The Problem With Newspapers: Lack Of Innovation, Lack Of Engagement... And Lack Of Reporting

from the it-doesn't-look-pretty dept

And here we go again, with yet another post about the troubled business of the newspapers, but this time I've got three separate articles that, combined, give a pretty good explanation for why the newspaper business has been in trouble. Basically, the newspapers failed to innovate, they failed to engage with their communities -- and worst of all, they failed to actually do much reporting.

First up is Frank Rich's column on how the American mainstream press is on "suicide watch." He does a decent job describing the problem, in discussing the industry's fear (or outright disgust) towards any sort of innovation, while others did the innovating for them. He compares how the newspapers have acted to how the movie studios acted when TV first became popular.

But... then, he falls into the same old fallacy. Assuming that those who are talking about new models mean "citizen journalists" with no business model:
Reporting the news can be expensive. Some of it -- monitoring the local school board, say -- can and is being done by voluntary "citizen journalists" with time on their hands, integrity and a Web site. But we can't have serious opinions about America's role in combating the Taliban in Pakistan unless brave and knowledgeable correspondents (with security to protect them) tell us in real time what is actually going on there. We can't know what is happening behind closed doors at corrupt, hard-to-penetrate institutions in Washington or Wall Street unless teams of reporters armed with the appropriate technical expertise and assiduously developed contacts are digging night and day. Those reporters have to eat and pay rent, whether they work for print, a TV network, a Web operation or some new bottom-up news organism we can't yet imagine.
Indeed. But no one has ever said otherwise. No one has said that "unpaid" reporters will replace all of the paid ones. We're just saying that the paid reporters may end up doing their jobs in a different way and getting paid via other business models. And, Rich also seems to be underestimating the ability of the people who are already in those places to be a part of the journalism process -- not necessarily the core component of it, but certainly a part of it.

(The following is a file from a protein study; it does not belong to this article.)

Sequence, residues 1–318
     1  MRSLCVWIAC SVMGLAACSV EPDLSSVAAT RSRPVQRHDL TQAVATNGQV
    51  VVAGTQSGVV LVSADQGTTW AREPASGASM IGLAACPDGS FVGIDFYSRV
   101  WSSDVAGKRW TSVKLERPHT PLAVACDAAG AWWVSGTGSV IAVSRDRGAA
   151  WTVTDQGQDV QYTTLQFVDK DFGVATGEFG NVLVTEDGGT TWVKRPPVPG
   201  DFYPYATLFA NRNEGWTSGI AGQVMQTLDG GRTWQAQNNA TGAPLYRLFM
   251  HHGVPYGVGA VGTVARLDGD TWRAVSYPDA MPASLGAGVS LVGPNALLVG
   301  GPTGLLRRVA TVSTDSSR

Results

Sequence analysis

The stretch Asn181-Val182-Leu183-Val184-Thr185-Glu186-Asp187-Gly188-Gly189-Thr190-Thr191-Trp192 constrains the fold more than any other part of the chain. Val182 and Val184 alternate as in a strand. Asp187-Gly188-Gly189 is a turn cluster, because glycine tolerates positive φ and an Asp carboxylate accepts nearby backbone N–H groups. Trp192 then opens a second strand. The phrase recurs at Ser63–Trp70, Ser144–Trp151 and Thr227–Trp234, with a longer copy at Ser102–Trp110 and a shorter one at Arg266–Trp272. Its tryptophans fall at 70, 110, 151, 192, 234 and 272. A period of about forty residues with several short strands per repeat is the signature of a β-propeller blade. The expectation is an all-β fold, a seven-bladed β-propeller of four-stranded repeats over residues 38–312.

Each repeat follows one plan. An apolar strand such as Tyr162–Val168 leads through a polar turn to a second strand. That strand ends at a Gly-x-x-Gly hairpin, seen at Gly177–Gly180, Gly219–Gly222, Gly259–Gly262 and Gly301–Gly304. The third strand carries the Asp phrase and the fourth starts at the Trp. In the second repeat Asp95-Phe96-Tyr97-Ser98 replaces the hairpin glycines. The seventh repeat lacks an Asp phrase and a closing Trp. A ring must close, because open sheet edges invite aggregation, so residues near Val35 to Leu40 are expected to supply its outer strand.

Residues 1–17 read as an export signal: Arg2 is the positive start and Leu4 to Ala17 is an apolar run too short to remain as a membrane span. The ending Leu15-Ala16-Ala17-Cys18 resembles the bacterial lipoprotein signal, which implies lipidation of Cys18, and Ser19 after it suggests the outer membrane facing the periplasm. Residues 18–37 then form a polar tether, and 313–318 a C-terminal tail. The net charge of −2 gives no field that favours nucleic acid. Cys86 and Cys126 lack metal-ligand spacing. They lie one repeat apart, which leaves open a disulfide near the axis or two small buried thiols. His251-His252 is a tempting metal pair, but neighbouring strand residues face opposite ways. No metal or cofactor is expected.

The second article worth reading is Robert Niles discussion of how the ruling in the 1995 lawsuit Stratton Okamont v. Prodigy scared newspapers away from engaging in online conversations. The ruling effectively found Prodigy liable for anonymous comments on its message board because it had hired a moderator for those boards. While the passage of the CDA the following year -- and specifically section 230 of the CDA granting safe harbors -- effectively erased that decision, "risk averse" newspaper feared to actually engage with readers in comments or forums for fear that it would suddenly make them liable for the content written by the community. Thus, they ignored their own communities and did little to really interact with them.

The final piece may be the most interesting. Walter Pincus talks about how so many newspaper reporters have stopped reporting and really started repeating the messages being handed to them. For all the talk of "investigative reporting," there's very little of that being done. Most reporting isn't reporting. It's not digging up the details and presenting an informed piece that gets at the facts. It's simply parroting what someone told them, and then perhaps presenting an alternate point of view (what Jay Rosen has referred to as "he said, she said" journalism) without any effort whatsoever to actually determine who's right. It's as if journalists have figured that "balanced" reporting is to present two sides to any story, and then leave it up to you to do the actual work. Pincus seems to be one of the first we've seen in this ongoing debate to make the point that we've been focusing on for a while: the newspapers aren't adding value.

Pincus also highlights another point that we've mentioned, but which is almost always ignored in these discussions: the big newspapers put themselves into massive debt over the past two decades. Many are still profitable, but not profitable enough to service the debt. And when they top that off by not innovating, not engaging with their community (which is their most valuable asset) and not actually doing real reporting, but just acting as stenographers, is it really any surprise the business is struggling?

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  1. identicon
    scruffy, 12 May 2009 @ 6:30am

    When did this reporting utopia ever happen?

    I'm not sure when newspapers ever had more investigative reporting compared to now (or, I should say, maybe a year ago before they started shrinking drastically). Newspapers (and all reporting) have always been filled with half-truths. I'm also amused by the implication that if they were doing more investigative reporting that they wouldn't be losing money.

    The newfangled internet is the real problem for newspapers and news in general. It will take some time, creativity, and luck to figure out how to make money.

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